The PEREGRINE team has also begun a quality assurance project with UCSF to examine the photon radiation dose that exits the body on the side away from the beams. Known as portal imaging, it could be used to check where a small dose goes before the full dose is administered. Portal imaging would also be an excellent tool for periodic use as the full series of treatments are given to assure that the dose being received is the one the radiation oncologist planned.
Hartmann-Siantar joined the Laboratory in 1993 with the goal of applying Livermore’s nuclear data and computational know-how to radiation treatment. “I got a chance to work with some of the best computer scientists, engineers, and physicists in the Laboratory,” she says. “Without them, PEREGRINE never would have happened.”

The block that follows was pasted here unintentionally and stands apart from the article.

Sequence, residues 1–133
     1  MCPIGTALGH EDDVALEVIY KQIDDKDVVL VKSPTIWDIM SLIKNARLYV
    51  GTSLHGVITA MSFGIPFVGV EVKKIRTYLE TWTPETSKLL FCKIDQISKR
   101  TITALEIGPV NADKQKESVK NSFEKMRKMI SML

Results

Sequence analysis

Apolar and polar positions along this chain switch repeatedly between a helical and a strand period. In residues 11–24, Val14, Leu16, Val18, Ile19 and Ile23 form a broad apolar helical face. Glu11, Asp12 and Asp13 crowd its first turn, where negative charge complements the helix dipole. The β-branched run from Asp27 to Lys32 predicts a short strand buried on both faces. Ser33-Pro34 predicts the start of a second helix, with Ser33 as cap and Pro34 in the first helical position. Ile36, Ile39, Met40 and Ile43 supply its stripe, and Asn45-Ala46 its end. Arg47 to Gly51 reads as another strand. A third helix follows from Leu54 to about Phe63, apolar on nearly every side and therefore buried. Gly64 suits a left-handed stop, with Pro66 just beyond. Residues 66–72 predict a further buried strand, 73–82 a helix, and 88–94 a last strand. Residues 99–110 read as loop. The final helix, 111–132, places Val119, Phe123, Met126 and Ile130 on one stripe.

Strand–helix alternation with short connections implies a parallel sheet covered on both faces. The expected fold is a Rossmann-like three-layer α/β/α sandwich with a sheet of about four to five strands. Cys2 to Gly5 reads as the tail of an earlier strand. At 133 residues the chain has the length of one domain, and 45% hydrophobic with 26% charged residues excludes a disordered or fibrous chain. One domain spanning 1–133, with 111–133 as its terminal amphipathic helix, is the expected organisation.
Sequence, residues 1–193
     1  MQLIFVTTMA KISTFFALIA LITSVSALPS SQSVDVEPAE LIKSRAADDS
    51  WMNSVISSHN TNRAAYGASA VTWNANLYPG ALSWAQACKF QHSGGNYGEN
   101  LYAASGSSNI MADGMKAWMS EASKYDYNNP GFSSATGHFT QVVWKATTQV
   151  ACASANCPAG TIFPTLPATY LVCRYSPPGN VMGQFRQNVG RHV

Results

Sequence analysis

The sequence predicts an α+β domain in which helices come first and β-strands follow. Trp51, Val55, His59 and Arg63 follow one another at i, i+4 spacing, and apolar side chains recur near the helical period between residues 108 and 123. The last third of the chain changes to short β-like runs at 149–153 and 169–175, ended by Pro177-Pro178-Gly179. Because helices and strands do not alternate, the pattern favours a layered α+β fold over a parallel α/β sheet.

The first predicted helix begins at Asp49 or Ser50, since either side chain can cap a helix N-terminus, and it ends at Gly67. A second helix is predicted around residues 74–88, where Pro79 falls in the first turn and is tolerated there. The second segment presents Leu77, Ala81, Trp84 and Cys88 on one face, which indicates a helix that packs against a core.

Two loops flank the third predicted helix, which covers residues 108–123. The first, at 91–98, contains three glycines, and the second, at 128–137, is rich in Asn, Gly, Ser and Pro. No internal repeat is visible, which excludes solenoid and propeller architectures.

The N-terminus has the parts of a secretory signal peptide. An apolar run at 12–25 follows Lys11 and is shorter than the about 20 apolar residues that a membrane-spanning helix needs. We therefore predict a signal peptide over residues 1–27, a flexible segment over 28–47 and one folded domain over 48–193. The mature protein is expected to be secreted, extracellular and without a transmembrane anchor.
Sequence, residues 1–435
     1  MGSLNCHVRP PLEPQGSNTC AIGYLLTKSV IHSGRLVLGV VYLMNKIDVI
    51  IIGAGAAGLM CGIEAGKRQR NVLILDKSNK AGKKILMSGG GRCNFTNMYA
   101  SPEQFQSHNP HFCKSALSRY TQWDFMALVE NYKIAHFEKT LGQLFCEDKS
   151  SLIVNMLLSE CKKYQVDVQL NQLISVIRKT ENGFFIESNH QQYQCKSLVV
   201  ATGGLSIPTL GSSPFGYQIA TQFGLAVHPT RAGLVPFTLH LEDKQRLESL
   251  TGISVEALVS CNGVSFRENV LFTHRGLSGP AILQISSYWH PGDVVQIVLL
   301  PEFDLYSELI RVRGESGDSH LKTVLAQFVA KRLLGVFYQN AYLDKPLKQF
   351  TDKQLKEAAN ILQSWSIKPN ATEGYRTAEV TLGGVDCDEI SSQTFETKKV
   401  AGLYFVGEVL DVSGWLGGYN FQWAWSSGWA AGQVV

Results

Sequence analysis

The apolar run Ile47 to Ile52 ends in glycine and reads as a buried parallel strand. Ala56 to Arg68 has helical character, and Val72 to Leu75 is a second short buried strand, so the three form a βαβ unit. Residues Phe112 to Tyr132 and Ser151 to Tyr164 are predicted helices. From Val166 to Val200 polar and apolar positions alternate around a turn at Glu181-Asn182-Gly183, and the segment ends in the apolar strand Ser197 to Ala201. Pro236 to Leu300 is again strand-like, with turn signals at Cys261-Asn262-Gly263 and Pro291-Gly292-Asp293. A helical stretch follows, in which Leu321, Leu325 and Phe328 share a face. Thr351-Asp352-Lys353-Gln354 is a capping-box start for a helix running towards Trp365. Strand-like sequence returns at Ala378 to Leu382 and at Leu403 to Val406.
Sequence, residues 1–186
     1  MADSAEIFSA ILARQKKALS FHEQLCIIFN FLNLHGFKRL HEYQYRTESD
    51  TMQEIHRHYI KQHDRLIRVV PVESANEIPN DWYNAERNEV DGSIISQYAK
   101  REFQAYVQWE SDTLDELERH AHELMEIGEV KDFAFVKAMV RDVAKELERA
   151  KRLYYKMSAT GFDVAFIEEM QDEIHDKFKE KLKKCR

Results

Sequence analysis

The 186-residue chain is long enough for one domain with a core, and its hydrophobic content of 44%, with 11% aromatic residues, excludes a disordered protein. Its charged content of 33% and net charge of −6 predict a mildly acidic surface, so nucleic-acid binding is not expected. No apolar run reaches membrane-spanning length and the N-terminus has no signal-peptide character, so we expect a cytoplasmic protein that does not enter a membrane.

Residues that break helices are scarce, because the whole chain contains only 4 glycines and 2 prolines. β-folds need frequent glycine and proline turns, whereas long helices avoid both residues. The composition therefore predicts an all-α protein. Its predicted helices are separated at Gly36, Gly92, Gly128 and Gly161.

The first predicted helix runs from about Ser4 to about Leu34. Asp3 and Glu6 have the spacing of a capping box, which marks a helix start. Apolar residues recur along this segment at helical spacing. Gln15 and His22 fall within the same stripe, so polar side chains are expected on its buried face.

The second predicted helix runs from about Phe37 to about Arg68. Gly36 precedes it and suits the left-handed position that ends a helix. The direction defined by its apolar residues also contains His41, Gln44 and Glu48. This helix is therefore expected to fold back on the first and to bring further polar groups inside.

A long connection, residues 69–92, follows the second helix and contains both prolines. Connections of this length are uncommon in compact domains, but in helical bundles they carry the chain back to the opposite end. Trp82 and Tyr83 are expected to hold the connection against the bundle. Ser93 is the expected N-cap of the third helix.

PEREGRINE team members have won many awards for their work. Hartmann-Siantar added another in February 2000 as one of four first-ever recipients of the Edward Teller Fellowship Award. Working with the team, she is using the fellowship to study how radiation damages DNA. At the time of the award, Hartmann-Siantar said, “I am very excited to have an opportunity to push new frontiers in science.” She and her team have already pushed a few, and they aren’t stopping yet.
—Katie Walter

Key Words: cancer treatment, Monte Carlo mathematics, PEREGRINE, U.S. Food and Drug Administration.

For further information contact Rosemary Walling (925) 422-4104 (



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UCRL-52000-01-6 | July 23, 2001